Also, 2x4's aren't used horizontally in framing (other than top plates with a 16" span) and their strength needs to be compressive along its length.
          Chr's
          __________
          An ethical man knows the right thing to do.
          A moral man does it.

          Comment

          • leehljp
            Just me
            • Dec 2002
            • 8469
            • Tunica, MS
            • BT3000/3100

            #6
            The 2x4s in the walls of our nearly 100 year old house are larger.

            The PROBLEM is that the current size 2x4s were in existence WAY before 1964. There just wasn't a "Standardized" size before then. Many full size 2x4s were not planed - which is what I have seen in many old houses, and what we used in our barn and storage buildings on our farm when I was growing up. We did have some planed 2x4s but they were larger, than the current standard.
            Last edited by leehljp; 04-05-2024, 07:42 PM.
            Hank Lee

            Experience is what you get when you don't get what you wanted!

            Comment

            • LCHIEN
              Internet Fact Checker
              • Dec 2002
              • 21082
              • Katy, TX, USA.
              • BT3000 vintage 1999

              #7
              Just counting it looks like there are more than 6 times as many rings per length in the old growth lumber... Means the managed lumber grows 6 times as fast.
              Loring in Katy, TX USA
              If your only tool is a hammer, you tend to treat all problems as if they were nails.
              BT3 FAQ - https://www.sawdustzone.org/forum/di...sked-questions

              Comment

              • dbhost
                Slow and steady
                • Apr 2008
                • 9253
                • League City, Texas
                • Ryobi BT3100

                #8
                And all I ever see on quora are escapees from the sanitarium... I wonder what that says about me?
                Please like and subscribe to my YouTube channel. Please check out and subscribe to my Workshop Blog.

                Comment

                • capncarl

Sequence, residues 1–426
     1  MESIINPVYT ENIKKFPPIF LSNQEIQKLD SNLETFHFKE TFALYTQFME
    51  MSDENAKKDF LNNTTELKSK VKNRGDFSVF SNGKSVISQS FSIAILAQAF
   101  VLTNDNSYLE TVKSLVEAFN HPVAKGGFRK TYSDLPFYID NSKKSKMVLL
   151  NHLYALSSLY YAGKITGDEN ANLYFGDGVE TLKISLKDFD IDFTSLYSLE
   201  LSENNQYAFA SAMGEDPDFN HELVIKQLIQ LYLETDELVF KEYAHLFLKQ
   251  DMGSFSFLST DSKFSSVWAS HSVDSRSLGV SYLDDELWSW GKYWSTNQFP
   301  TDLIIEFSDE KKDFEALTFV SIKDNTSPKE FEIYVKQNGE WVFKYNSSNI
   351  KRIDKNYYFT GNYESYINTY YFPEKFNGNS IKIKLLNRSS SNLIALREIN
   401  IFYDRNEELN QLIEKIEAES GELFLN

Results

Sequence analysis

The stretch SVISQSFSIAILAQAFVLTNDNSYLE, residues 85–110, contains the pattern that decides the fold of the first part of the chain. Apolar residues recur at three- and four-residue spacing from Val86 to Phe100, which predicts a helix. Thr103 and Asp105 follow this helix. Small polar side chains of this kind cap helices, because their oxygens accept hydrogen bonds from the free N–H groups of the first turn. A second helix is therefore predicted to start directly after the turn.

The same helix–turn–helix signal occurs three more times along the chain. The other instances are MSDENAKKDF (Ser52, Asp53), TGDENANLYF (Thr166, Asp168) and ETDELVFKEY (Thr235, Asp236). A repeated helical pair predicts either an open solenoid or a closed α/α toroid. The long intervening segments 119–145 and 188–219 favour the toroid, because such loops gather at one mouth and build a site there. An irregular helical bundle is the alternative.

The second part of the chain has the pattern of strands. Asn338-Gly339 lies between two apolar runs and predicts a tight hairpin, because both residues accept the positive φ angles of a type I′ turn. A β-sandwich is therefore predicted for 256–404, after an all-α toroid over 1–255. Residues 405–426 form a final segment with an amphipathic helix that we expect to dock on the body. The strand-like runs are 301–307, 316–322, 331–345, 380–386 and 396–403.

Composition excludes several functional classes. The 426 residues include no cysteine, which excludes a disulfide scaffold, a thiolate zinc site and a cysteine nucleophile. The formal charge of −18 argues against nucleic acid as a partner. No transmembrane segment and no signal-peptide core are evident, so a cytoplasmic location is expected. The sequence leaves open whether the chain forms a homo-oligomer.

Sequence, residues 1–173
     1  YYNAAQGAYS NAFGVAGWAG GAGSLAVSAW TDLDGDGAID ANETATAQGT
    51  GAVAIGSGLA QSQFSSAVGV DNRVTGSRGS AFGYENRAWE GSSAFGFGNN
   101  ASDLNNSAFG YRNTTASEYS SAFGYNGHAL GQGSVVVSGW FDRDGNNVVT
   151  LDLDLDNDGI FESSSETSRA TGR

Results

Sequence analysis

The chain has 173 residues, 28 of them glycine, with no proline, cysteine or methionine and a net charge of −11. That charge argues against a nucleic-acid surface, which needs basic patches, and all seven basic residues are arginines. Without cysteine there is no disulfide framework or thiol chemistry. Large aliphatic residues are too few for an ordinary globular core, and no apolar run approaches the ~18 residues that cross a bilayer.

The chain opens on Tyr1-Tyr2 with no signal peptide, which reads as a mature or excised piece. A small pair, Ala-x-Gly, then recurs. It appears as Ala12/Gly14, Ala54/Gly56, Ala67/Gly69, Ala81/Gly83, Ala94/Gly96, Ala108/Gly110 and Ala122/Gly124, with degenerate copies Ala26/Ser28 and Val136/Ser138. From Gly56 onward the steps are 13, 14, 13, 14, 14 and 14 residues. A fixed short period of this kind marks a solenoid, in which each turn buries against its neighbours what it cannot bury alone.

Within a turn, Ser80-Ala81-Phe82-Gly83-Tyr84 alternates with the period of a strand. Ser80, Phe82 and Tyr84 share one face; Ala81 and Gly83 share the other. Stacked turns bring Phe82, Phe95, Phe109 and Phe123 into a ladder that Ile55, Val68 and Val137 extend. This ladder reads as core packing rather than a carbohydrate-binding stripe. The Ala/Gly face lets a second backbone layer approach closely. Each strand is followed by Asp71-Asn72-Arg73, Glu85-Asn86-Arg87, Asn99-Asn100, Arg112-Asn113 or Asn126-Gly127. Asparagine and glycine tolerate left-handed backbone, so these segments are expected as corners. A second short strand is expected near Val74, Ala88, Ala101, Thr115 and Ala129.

Veteran Member
                  • Jan 2007
                  • 3575
                  • Leesburg Georgia USA
                  • SawStop CTS

                  #9
                  I think the old saying that something grows like a weed should be replaced with something grows like a pine. When we bought our property and built our house it was in a planted pine forest, Loblolly pines. The trees were maybe 20 feet tall, perfect for harvesting pine straw. Growing 2 feet per year, 10: yrs old, and would have made a decent size fence pole. Now the trees are about 30 years old the 20 trees that were cut down were nearly 75 feet tall and would produced some nice long lumber. They were carried to a sawmill rather than a pulp paper mill. This pine warps, splits and twists so bad that even Lowes and Home Depot won’t sell it! It’s also know to attack houses when blown down by hurricanes and tornadoes.

                  Comment

                  • twistsol
                    Veteran Member
                    • Dec 2002
                    • 2912
                    • Cottage Grove, MN, USA.
                    • Ridgid R4512, 2x ShopSmith Mark V 520, 1951 Shopsmith 10ER

                    #10
                    This is a random sampling of the offcuts from last summer's shed project that was still in the burn pile in my daughter's garage.. This lumber all came from Home Depot June of 23.

                    Click image for larger version

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                    Chr's
                    __________
                    An ethical man knows the right thing to do.
                    A moral man does it.

                    Comment